Nut Intake Is Associated with Lower Odds of Metabolic Syndrome in Adolescents

Program: Abstracts - Orals, Poster Previews, and Posters
Session: FRI 144-166-Pediatric Diabetes, Obesity & Metabolic Disorders
Friday, March 6, 2015: 1:00 PM-3:00 PM
Hall D-F, Pediatric Endocrinology (San Diego Convention Center)

Poster Board FRI-146
Roy Kim, MD, MPH1 and David Leonard, PhD2
1UT Southwestern Medical Center, Dallas, TX, 2Children's Medical Center, Dallas, TX

In adolescents, metabolic syndrome is associated with inflammation and an unfavorable cardiovascular risk profile. Promotion of a healthy diet is a management mainstay. Intake of nuts (tree nuts and peanuts) lowers the risk of cardiovascular morbidity in adults. Whether a relationship between nut intake and cardiovascular risk factors is present during adolescence is not known.


To examine the association between nut intake and prevalence of metabolic syndrome in US adolescents, and determine if this relationship varies by gender or race/ethnicity.


This is a cross sectional analysis of a national sample of adolescents. We used data from the National Health and Nutrition Examination Survey (NHANES), years 2003-2010. Data from 24-hour diet recall surveys, fasting blood tests, and anthropometric measurements were retrieved from NHANES participants, age 12 to 19 years (n=2,233). A threshold of 12.9 grams of nut intake per day was used to define significant nut intake, based on clinical trial literature (1). Metabolic syndrome was defined according to published pediatric criteria (2). Descriptive results for nut intake in the entire cohort, and gender and race/ethnic group-specific strata were generated. Crude and adjusted odds ratios (OR) and 95% confidence intervals for metabolic syndrome were estimated using nut intake as the exposure. Regression splines were used to examine the non-linear relationships between nut intake as a continuous variable and components of the metabolic syndrome.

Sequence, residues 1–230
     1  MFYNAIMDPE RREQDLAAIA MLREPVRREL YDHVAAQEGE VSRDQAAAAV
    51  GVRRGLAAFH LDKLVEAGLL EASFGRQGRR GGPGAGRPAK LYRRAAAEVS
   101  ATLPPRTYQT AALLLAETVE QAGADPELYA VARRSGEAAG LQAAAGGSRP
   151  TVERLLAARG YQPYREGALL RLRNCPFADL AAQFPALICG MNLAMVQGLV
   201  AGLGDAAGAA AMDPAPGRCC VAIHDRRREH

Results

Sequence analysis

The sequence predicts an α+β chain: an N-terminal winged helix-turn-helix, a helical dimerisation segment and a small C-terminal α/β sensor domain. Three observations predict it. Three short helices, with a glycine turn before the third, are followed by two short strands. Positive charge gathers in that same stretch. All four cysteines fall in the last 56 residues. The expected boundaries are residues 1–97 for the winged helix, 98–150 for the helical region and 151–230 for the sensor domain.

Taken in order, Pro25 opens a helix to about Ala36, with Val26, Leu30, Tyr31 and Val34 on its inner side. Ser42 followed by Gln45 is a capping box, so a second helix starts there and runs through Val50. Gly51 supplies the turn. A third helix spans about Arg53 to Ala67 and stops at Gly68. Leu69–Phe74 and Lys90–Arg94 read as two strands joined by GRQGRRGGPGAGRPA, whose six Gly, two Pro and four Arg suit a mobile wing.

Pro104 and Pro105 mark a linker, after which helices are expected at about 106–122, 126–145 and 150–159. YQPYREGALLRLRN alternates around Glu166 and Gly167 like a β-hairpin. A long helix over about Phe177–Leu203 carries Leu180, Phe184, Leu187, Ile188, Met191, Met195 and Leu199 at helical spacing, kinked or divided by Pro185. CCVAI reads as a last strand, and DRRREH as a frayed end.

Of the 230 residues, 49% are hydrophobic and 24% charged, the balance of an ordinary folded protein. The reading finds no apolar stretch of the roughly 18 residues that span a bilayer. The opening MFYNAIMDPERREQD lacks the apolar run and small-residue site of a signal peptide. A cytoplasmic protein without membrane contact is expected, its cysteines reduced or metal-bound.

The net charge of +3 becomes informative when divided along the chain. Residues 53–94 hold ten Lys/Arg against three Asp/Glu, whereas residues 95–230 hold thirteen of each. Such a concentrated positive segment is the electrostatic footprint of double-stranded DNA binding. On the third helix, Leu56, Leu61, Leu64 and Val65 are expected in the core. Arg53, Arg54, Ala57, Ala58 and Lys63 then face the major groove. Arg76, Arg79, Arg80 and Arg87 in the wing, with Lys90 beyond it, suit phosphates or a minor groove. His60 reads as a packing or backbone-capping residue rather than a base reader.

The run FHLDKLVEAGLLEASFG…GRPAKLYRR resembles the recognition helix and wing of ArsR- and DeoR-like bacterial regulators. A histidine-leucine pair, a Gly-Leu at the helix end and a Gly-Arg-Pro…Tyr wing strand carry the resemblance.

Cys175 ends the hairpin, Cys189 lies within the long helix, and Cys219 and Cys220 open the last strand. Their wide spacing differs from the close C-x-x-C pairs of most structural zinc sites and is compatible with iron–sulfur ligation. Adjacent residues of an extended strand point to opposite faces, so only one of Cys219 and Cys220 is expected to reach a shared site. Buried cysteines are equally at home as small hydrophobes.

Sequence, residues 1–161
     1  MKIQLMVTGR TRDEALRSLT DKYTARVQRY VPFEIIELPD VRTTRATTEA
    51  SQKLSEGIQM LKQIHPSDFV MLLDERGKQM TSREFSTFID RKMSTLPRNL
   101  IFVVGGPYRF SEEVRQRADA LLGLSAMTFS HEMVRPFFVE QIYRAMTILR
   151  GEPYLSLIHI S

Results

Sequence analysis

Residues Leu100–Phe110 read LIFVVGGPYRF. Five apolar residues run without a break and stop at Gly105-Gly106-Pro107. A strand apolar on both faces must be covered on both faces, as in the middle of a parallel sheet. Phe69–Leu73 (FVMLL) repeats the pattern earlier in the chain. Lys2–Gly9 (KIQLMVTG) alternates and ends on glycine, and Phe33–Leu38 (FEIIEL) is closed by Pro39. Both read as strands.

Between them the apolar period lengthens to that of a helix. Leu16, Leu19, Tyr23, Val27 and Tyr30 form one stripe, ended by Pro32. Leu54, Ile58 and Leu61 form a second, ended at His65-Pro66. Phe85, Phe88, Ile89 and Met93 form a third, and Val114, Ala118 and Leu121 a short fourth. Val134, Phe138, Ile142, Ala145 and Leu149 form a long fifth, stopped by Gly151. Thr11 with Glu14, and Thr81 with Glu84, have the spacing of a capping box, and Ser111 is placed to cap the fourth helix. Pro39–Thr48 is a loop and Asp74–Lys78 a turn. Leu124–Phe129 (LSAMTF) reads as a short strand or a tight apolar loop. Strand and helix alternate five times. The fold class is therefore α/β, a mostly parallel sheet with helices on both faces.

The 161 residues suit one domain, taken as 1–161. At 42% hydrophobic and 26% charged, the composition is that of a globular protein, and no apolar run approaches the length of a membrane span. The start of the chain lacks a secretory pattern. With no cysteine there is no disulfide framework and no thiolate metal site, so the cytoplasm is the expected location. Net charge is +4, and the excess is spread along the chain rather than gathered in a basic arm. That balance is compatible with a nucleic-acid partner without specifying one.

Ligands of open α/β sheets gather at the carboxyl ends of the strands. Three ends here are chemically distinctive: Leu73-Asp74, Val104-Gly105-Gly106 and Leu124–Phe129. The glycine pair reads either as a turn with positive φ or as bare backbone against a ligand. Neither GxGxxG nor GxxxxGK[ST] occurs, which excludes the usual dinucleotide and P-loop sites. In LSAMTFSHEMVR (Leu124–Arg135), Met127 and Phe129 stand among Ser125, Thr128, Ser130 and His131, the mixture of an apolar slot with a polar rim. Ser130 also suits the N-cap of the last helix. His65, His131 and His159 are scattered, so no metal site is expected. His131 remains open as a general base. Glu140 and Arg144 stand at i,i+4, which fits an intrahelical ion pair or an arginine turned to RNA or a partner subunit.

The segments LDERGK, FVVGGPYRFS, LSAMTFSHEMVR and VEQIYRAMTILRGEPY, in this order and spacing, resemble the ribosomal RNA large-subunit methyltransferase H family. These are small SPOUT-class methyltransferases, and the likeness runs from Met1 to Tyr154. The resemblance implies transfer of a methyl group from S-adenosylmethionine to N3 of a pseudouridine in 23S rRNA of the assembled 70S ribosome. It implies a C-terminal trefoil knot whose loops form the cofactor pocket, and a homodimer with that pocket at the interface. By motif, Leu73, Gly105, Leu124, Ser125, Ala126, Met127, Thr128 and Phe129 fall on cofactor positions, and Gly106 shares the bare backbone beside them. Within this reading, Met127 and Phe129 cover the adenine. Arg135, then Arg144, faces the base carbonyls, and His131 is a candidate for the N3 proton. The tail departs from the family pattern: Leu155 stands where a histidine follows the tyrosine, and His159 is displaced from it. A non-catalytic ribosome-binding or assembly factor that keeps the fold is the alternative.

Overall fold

Average nut intake was low (4.1g/d), and the median intake during the sampling periods was zero.  Caucasians had higher nut intake than non-Hispanic blacks and Latinos (6.1 g vs 3.1 g vs 3.0 g, respectively; ANOVA p < 0.001). Only 8.9% of all subjects had nut intake of more than 12.9 grams per day. The overall prevalence of metabolic syndrome was 7.4%. Higher nut intake was associated with a lower odds ratio for metabolic syndrome compared to low intake (crude OR=0.43; 95%CI 0.20 to 0.93). Controlling for age, gender, race/ethnic category, and household income resulted in an adjusted OR of 0.43 (95%CI 0.20 to 0.92).

In a regression model that included a term for total calories and a spline to capture nonlinear effects of continuous nut intake, each g/day of nut intake above zero was associated with lower odds of metabolic syndrome up to an intake of approximately 50g/d at which point the odds rose above 1. Nut consumption was directly associated with high density lipoprotein cholesterol (0.04 mg/dL/(g/d), p=0.032).


Modest intake of nuts was associated with a lower odds for having the metabolic syndrome in this cohort of adolescents.

1. Estruch et al. New Engl J Med 2013 Feb 25; 368(14): 1279-90 2. Li et al. J Peds 2011 Feb; 158(2): 201-7

Nothing to Disclose: RK, DL

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